Tuesday Writing Tip #5
(This will be a weekly feature. Check back next Tuesday for tip #6)
Missed tip #4? You can find it HERE
A lengthy discussion in a writer's group on Facebook led me to post my response to a new writer who said that she was too afraid to let anyone read her work. She worried about someone telling her that the best parts of her book weren't good enough. This was my response:
"I've published six books with the seventh scheduled for this December. I still have anxiety every time I publish something new. I have likened it to standing naked in the middle of Times Square. There will either be whistles and yells of "You go girl!" or there will be hecklers and rotten tomatoes tossed at me. (Just so you know, there will always be tomatoes, no matter how sexy and fine of a bod you have. You just have to hope that the ratio of whistles are much higher, and that you have grown a thick skin so you can handle the tomatoes with dignity).
The only way to develop a thick skin is to let people read and review our work. It is by sharing it with others that we can learn of our faults and improve upon them. Hiding away and being too afraid to share our writing with anyone will only hinder our efforts and will defeat the purpose we're trying to achieve as writers. Of course, criticism produces disappoint. It will sting. That is to be expected. Even the most seasoned of writers still feel disappointment when a passage doesn't receive the acclaims they had hoped for. But the difference between a pro and and amateur is the way they approach the criticism.
Here are a few pointers taken from a blog post by J.E. Fishman on How to Take Criticism Like a Pro. You can read the entire post HERE.
"You come to know a pro as much by her process as by the work she produces. Some people think pros just work harder than everyone else. While it’s true that they often do, there are any number of other ways in which a professional distinguishes herself. Acceptance of criticism is among the most powerful. If we want people to take us seriously as a writer, we must take criticism like a pro does:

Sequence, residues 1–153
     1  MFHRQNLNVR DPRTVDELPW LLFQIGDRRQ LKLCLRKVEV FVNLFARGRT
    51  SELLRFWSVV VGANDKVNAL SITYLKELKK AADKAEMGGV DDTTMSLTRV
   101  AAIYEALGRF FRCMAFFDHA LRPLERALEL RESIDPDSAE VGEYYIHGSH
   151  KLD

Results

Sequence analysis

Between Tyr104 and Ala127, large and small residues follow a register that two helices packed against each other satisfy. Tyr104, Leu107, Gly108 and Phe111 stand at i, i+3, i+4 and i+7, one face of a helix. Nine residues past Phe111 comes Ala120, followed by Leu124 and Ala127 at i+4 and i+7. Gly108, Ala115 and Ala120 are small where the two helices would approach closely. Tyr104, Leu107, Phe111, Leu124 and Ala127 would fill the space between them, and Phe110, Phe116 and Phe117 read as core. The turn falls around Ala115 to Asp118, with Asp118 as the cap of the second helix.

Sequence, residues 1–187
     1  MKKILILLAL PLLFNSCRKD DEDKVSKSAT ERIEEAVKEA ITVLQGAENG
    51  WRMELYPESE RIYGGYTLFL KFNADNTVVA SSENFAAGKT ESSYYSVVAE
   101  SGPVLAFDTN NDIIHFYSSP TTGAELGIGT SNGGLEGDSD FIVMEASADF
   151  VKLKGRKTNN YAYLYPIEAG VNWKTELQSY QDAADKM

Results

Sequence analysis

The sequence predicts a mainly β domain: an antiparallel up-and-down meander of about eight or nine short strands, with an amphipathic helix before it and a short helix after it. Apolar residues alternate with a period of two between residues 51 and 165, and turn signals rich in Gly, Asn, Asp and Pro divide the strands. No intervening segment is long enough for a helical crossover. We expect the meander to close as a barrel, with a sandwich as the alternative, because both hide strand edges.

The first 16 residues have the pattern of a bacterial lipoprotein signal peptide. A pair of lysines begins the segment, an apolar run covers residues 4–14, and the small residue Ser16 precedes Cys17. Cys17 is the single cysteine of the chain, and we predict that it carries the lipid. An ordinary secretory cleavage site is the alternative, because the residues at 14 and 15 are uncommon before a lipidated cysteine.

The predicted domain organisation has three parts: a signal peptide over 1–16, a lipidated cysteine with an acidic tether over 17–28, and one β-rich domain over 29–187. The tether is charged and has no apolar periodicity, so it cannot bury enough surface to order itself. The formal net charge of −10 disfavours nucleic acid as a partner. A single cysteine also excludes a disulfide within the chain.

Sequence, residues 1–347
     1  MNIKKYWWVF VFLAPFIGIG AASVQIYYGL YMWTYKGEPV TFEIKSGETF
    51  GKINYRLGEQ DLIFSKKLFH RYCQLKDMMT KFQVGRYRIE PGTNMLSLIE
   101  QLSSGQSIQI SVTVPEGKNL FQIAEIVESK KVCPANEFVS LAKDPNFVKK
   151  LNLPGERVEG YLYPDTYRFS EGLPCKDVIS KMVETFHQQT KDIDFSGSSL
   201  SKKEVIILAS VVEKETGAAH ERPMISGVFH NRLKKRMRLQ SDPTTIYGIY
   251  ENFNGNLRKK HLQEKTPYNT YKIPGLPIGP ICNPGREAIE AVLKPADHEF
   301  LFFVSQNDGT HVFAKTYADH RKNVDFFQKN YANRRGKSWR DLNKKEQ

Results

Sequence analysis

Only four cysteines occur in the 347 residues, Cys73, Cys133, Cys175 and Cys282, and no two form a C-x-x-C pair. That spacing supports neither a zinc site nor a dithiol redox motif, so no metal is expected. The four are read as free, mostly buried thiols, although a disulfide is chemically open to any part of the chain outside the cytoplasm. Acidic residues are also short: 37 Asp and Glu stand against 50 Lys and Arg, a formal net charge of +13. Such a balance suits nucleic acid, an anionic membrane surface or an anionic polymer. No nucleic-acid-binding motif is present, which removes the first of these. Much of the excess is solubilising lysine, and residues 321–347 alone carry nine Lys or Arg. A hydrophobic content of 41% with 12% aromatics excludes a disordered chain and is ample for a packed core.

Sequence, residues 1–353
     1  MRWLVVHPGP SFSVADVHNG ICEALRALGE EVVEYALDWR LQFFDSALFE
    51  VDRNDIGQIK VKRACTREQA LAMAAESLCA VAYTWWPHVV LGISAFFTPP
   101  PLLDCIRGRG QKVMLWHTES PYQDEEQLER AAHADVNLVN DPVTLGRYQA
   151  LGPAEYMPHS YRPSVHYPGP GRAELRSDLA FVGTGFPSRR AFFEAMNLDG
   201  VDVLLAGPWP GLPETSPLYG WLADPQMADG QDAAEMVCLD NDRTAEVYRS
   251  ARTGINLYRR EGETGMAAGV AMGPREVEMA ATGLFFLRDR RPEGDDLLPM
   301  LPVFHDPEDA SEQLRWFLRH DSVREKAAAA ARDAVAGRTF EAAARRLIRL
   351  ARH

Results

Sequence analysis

It would be awesome if we could produce a book or paint art or compose music with perfection from the get-go. That would be easy and ideal. But nothing is that easy, and if someone boasts that they can do it perfect the first time, then be skeptical. It's the process of learning and growing that makes being a writer so bloody fantastic (no, I'm not British).
Here is another wonderful blog post as well: How to Develop a Thicker Skin. The advice is golden.
If anything, please don't let the fear of rejection and disappointment keep you from doing what you love. Write and then share it. Start off by sharing your work with someone you trust, but who will also be fair and honest about it.
Criticism is part of the process. We shouldn't try to avoid it, but instead look for ways to embrace it.
It's all about the attitude. If you are willing to write for others, then be willing to listen, be willing to learn, and be willing to rewrite. I promise you, it will only make you a stronger writer if you do.
7/12/2014 03:50:47 pm
I think that I personally take criticism rather well. In fact, I love when people read and offer feedback on my work. Comments help my writing grow.
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